With live music venues forced to keep their doors closes, we are taking a trip down into the Far Out archives to reminisce on the brilliance of The Smiths’ hair-raising performance of ‘How Soon Is Now’ live from London’s National Ballroom in 1986.
‘How Soon Is Now’ is the definition of a sleeper hit. A song that somehow, against all odds, became one of The Smiths’ most treasured tracks despite it initially being dismissed as B-side. With uncertainty around the song upon its initial formation, the band’s record label attempted to bury the track which was, at the time, stylistically worlds apart from the trademark Smiths sound.
The song quickly became a major fan favourite among Smiths fans during their lives and, subsequently, the label was forced into including the anthem on 1984 compilation album Hatful of Hollow. The new attention meant the song was no longer a ‘secret’ among their loyal fanbase and soon enough became a bigger success than most of their A-sides.
It was recorded as part of a four-day studio session at Earl’s Court in London in June 1984 and came as a result of a lengthy period of overindulgence: “We used to smoke dope from when we got out of bed to when we got back to bed,” producer John Porter remembered from the recording session. “You’re from Manchester, you smoke weed till it comes out of your ears,” Johnny Marr added.
Detailing their approach to the song, Marr said: “The vibrato [tremolo] sound is incredible, and it took a long time. I put down the rhythm track on an Epiphone Casino through a Fender Twin Reverb without vibrato.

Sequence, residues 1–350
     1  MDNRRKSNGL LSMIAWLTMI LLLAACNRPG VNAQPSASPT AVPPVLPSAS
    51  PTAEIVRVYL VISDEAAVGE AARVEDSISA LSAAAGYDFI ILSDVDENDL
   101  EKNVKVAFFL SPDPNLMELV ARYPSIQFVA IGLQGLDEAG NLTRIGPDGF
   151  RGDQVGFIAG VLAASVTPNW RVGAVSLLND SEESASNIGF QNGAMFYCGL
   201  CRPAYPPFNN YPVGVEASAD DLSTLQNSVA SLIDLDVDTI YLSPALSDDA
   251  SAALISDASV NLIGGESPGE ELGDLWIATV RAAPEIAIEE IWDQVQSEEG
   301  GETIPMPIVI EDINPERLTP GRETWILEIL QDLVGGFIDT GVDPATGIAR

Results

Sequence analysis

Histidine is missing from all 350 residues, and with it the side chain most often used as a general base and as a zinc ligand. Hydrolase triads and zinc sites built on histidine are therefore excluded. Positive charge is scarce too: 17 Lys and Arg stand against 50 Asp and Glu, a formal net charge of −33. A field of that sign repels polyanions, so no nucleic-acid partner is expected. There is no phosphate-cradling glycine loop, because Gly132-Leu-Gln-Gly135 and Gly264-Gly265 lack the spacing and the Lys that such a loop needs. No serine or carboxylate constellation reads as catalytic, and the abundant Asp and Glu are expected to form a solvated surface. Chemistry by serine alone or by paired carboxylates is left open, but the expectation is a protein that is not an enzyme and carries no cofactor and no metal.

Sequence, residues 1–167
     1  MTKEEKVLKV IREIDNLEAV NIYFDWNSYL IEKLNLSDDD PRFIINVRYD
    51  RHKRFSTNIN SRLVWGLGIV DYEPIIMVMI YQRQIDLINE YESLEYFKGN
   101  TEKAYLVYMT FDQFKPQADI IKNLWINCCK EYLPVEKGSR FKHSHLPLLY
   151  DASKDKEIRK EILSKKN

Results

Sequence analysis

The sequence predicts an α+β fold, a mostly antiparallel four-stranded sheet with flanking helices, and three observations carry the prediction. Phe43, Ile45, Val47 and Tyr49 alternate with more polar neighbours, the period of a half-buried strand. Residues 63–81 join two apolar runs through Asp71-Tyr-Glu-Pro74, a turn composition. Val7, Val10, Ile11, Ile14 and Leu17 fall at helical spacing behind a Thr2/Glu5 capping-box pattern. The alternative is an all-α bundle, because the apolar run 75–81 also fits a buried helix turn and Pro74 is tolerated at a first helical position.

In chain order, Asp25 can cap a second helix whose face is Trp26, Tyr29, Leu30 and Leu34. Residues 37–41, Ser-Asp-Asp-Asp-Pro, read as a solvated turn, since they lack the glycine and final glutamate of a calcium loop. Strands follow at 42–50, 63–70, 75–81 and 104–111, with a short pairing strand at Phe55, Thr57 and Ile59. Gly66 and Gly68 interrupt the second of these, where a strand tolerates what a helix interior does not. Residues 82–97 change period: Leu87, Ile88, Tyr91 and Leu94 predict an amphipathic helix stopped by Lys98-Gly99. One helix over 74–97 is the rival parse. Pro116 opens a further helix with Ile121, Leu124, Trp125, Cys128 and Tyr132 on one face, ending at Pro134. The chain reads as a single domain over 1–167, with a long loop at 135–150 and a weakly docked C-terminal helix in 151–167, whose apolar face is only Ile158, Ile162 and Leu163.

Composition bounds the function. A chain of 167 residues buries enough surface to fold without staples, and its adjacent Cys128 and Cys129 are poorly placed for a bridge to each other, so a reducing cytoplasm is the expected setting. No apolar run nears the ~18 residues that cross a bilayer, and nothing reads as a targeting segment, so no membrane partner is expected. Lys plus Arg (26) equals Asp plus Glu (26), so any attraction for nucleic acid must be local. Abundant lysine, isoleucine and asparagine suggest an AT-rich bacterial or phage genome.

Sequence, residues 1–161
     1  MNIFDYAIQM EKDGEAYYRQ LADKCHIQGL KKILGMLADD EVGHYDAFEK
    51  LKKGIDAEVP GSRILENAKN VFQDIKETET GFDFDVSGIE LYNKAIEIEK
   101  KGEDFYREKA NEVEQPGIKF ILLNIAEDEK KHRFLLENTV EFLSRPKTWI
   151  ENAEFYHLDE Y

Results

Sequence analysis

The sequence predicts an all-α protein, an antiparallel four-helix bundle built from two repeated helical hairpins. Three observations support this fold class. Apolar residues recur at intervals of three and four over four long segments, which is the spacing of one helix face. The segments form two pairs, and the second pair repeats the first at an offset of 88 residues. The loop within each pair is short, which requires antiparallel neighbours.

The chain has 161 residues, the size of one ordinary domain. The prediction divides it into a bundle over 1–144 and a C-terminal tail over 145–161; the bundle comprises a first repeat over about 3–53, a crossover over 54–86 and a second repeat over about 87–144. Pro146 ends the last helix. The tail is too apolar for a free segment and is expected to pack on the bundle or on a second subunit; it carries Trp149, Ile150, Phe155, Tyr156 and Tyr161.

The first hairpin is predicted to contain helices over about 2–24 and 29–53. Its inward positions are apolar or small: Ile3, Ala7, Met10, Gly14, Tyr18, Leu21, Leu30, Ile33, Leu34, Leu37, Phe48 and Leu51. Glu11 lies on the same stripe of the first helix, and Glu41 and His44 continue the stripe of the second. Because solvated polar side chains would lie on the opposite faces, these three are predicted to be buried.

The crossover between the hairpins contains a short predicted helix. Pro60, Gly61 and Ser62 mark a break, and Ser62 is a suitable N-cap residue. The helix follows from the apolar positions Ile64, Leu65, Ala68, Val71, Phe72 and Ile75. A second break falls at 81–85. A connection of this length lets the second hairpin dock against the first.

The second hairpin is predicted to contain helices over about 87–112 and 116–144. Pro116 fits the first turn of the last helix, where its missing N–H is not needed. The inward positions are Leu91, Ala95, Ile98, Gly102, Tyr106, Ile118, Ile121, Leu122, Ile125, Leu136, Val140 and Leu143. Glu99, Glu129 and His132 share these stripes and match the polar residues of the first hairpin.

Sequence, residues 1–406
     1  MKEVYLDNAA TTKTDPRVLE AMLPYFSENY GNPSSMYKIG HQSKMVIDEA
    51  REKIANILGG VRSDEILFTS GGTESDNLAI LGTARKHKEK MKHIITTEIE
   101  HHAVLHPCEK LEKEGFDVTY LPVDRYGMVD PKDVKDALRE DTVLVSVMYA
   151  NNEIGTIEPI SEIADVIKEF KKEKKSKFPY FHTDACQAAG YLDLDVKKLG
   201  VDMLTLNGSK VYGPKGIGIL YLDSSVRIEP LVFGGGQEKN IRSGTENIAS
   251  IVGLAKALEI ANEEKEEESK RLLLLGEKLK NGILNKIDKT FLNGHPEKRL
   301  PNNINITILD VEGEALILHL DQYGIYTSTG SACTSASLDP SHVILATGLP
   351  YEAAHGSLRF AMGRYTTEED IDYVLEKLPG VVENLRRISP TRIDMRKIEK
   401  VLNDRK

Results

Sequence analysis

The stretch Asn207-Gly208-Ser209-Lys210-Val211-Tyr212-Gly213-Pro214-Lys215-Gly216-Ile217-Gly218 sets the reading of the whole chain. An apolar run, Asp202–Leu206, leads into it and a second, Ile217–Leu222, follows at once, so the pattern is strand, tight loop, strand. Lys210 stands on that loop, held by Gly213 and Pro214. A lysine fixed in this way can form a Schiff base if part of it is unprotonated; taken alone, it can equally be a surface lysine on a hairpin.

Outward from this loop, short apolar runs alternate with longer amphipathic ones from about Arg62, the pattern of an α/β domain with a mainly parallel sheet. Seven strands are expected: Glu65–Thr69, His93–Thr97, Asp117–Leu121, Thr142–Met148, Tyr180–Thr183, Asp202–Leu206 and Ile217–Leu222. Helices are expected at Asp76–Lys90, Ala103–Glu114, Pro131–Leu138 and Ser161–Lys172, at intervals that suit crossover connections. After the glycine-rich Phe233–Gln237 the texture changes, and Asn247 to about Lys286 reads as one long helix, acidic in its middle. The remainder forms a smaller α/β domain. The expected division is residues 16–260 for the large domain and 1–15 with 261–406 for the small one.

“Then we played the track back through four old Twins, one on each side. We had to keep all the amps vibrating in time to the track and each other, so we had to keep stopping and starting the track, recording it in 10-second bursts.”
Marr added: “It is possibly [the Smiths’] most enduring record. It’s most people’s favourite, I think.”
The footage of the band performing it live captures a fascinating moment in The Smiths career when tensions between the band we’re reaching breaking point but you would never grasp that by watching this clip. The show in question was broadcast on the radio and later edited down for their live album Rank. Somehow, the impeccable ‘How Soon Is Now‘ was left off the record but thankfully we have fan footage on hand to make up for it.
For this concert at the National Ballroom, The Smiths lined-up as a five-piece following the addition of Craig Gannon, a member who joined the band earlier that year after they fired bassist Andy Rourke because of his heroin problems. Gannon then stayed on as the second guitarist even after Rourke returned to the fold. Having this extra guitar player allowed Johnny Marr greater room to flex his muscles and, in doing so, add another dimension to their already impressive sound.
Although the song never received the full recognition it deserved properly until after the band split, it is now seen as one of The Smiths’ finest moments that showcase their creative juices flowing on all cylinders. This clip of the band performing the track embodies their pioneering greatness.